Becoming a sports psychologist could be an exciting career choice for many psychology students, especially those who have a strong interest in sports and physical activity. The American Psychological Association describes sports psychology as a "hot career," suggesting that those working in university athletic departments earn around $60,000 to $80,000 per year. If you are interested in this career, learn more about the educational requirements, job duties, salaries and other considerations in this profile of careers in sports psychology.
People come to coaching for several reasons: They could be “stuck” and can’t think of what else to do in order to move the organization forward; there may not be anyone at their level that they can have confidential conversations with, or they believe if they were to change/improve something within themselves, the greater organization would benefit. Maybe they are ready to do something different but are not sure what that “something” is. Perhaps they are looking for change, a different perspective, or have important goals to reach. Executive or “business” coaching focuses on helping individuals go from where they are, to where they want themselves and their company to be.
Athletes aren't the only ones that can benefit from sport psychology, however, although they are the most likely. Some individuals who are in the middle of high stress and highly competitive careers might also benefit from a few counseling sessions with sport psychologists. This can include professionals such as business people, performing artists, and politicians.
There is also a range of options available, from one-on-one meetings to phone sessions to CDs and tapes. McGrail and Grossman agree that while potentially useful, recordings are not usually as effective as personal sessions. And there’s no shortage of opinions on the best ways to quit smoking; the gamut runs from hypnotherapy to Zyban and Nicotine Anonymous.
In order for a hypnotherapist to convey positive suggestions for change, the patient must be in a receptive state. The state is called trance and the method of achieving a trance is through induction. Induction techniques are many and varied and involve the therapist offering suggestions that the patient follows. The formerly common "your eyes are getting heavy" suggestion may still exist, but other more reliable and acceptable (by the patient) forms of induction have come to the forefront. The artful hypnotherapist is always aware of the present condition of the patient and uses this information to lead him/her down the path of induction. In its lighter stages, trance can be noted by the relaxation of muscles. At this point, hands can levitate when given the suggestion, and paresthesia, a feeling of numbness, can be induced. In a medium trance, a patient can be led to experience partial or complete amnesia , or failure to recall events of the induction after the fact. A deep trance opens the patient to powerful auditory, visual, or kinesthetic experiences. The phenomenon of time distortion is experienced most profoundly at this level. Patients may believe they have been away briefly, and may react with disbelief when told they were away much longer. Although some work can be done in lighter states of trance, the best circumstance for implementing change is when the patient reaches a deep trance state. At this level, the patient is focused inwardly and is more receptive to positive suggestions for change. This is also the point at which the therapist can invoke posthypnotic suggestions, or instructions given to the patient so he/she will perform some act or experience some particular sensation following awakening from the trance. For example, these suggestions, if accepted by the patient, can be formed to make foods taste bad, cigarettes taste bad, delay impulses, curb hunger, or eliminate pain. However, it should be noted that posthypnotic suggestions given to a person, which run counter to the person's value system or are not something they are likely to do under ordinary circumstances, will not be accepted and therefore not implemented.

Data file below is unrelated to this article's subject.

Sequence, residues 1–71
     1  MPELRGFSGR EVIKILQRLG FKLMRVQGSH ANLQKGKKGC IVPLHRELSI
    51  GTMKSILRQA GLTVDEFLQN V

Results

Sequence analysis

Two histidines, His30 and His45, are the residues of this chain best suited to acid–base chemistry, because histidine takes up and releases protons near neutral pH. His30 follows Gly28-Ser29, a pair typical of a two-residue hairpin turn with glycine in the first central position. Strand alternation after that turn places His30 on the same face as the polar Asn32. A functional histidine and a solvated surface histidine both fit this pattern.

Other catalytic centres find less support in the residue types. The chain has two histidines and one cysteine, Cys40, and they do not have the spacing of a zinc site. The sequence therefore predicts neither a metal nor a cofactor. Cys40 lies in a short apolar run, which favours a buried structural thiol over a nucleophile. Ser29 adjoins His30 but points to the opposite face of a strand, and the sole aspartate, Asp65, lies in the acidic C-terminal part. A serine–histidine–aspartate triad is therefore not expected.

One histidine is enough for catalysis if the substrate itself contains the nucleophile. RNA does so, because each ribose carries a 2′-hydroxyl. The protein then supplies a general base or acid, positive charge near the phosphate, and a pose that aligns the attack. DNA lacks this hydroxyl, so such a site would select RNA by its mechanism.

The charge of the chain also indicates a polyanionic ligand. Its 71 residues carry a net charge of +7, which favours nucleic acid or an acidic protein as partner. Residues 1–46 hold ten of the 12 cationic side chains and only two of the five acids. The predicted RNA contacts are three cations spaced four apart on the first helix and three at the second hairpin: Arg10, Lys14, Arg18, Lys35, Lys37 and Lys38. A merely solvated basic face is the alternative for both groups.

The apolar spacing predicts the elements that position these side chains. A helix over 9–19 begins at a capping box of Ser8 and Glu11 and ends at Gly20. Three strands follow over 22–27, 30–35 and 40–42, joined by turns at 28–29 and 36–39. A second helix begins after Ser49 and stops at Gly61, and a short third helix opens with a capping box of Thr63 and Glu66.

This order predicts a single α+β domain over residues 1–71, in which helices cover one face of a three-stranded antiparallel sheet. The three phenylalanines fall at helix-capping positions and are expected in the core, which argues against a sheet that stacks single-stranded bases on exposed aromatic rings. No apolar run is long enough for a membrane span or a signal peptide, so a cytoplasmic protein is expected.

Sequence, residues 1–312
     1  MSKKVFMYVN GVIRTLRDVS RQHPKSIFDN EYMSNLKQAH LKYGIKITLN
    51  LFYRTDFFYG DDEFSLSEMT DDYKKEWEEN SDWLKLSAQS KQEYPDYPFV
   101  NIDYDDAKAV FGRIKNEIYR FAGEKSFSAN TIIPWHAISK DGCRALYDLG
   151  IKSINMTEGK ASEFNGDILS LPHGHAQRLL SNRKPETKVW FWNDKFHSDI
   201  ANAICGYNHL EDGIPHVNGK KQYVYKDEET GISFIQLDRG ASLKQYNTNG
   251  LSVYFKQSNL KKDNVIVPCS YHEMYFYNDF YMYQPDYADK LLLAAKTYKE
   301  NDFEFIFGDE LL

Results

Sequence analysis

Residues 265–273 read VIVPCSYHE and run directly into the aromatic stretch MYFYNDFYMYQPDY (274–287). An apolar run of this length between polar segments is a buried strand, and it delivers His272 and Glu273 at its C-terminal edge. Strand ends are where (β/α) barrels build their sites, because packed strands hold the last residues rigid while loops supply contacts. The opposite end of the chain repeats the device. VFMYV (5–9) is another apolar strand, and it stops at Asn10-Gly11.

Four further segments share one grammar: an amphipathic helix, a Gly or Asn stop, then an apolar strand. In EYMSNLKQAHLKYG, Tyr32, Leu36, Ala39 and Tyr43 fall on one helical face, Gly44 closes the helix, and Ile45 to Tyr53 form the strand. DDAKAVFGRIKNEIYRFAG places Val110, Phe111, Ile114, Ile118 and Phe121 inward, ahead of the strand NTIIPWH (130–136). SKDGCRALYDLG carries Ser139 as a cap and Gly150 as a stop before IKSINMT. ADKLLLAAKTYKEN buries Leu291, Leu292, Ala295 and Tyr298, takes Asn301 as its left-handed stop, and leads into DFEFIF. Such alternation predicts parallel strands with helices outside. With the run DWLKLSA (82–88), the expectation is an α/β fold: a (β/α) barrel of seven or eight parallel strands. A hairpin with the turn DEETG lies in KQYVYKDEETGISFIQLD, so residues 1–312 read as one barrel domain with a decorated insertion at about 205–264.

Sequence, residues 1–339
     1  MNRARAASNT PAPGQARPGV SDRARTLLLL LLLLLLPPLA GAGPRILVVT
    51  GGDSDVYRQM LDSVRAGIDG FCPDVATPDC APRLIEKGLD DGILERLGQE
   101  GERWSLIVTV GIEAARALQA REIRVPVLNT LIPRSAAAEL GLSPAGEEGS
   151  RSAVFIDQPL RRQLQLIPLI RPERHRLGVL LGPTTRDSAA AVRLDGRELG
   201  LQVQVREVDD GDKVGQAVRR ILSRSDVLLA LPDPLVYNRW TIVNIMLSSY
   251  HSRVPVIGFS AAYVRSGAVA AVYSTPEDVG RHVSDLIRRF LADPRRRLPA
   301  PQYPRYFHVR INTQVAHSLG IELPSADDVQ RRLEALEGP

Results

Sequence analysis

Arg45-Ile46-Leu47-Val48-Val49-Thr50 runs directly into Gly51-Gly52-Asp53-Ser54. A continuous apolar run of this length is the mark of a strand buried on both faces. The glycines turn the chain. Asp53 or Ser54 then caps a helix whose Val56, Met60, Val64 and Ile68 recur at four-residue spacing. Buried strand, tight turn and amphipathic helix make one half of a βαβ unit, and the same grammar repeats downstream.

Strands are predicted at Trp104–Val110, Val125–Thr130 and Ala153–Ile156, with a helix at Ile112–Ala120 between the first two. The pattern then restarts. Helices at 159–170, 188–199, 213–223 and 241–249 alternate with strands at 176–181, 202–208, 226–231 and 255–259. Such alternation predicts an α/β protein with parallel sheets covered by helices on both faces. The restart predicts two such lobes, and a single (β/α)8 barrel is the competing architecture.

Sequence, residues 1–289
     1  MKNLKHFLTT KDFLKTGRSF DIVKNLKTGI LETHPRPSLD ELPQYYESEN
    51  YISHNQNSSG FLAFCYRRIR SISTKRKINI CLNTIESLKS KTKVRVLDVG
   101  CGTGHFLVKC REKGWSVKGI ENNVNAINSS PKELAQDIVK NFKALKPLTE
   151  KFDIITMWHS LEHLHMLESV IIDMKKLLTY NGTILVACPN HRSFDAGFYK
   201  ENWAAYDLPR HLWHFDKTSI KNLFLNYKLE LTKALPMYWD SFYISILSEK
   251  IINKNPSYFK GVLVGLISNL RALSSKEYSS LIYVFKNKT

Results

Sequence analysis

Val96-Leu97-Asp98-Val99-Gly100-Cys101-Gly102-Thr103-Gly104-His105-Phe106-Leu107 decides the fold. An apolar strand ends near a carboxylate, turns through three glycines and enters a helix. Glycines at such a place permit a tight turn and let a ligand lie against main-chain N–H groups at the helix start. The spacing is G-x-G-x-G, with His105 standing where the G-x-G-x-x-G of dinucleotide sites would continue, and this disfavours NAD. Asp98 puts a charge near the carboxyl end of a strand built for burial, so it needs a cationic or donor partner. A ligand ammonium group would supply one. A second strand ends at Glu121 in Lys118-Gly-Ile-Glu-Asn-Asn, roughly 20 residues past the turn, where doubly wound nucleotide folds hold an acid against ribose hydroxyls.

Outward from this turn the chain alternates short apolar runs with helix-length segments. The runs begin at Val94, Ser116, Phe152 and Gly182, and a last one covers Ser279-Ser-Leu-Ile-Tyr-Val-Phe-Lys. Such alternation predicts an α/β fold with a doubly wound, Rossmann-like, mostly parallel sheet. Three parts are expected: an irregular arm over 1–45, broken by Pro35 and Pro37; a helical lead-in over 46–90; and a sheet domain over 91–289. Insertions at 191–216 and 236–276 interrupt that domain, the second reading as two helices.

Consider Rob Bernstein. (In the interest of confidentiality, I use pseudonyms throughout this article.) He was an executive vice president of sales at an automotive parts distributor. According to the CEO, Bernstein caused trouble inside the company but was worth his weight in gold with clients. The situation reached the breaking point when Bernstein publicly humiliated a mail clerk who had interrupted a meeting to get someone to sign for a parcel. After that incident, the CEO assigned Tom Davis to coach Bernstein. Davis, a dapper onetime corporate lawyer, worked with Bernstein for four years. But instead of exploring Bernstein’s mistreatment of the support staff, Davis taught him techniques for “managing the little people”—in the most Machiavellian sense. The problem was that, while the coaching appeared to score some impressive successes, whenever Bernstein overcame one difficulty, he inevitably found another to take its place.
Applied sport and exercise psychology consists of instructing athletes, coaches, teams, exercisers, parents, fitness professionals, groups, and other performers on the psychological aspects of their sport or activity. The goal of applied practice is to optimize performance and enjoyment through the use of psychological skills and the use of psychometrics and psychological assessment.
Hypnotherapists say they facilitate this process, just without the sleep part. More or less. Again, for every positive study you read about hypnosis, there are be numerous, often conflicting other accounts. In a 2000 study for the International Journal of Clinical and Experimental Hypnosis, Joseph P. Green and Steven Jay Lynn reviewed 56 studies on the results of hypnosis on smoking cessation. While it was shown to generally be a better option than no treatment at all, many of the studies combined hypnosis with other therapeutic methods, making it difficult to isolate its effects.
Although there are different techniques, clinical hypnotherapy is generally performed in a calm, therapeutic environment. The therapist will guide you into a relaxed, focused state and ask you to think about experiences and situations in positive ways that can help you change the way you think and behave. Unlike some dramatic portrayals of hypnosis in movies, books, or on stage, you will not be unconscious, asleep, or in any way out of control of yourself. You will hear the therapist’s suggestions, but it is up to you to decide whether or not to act on them.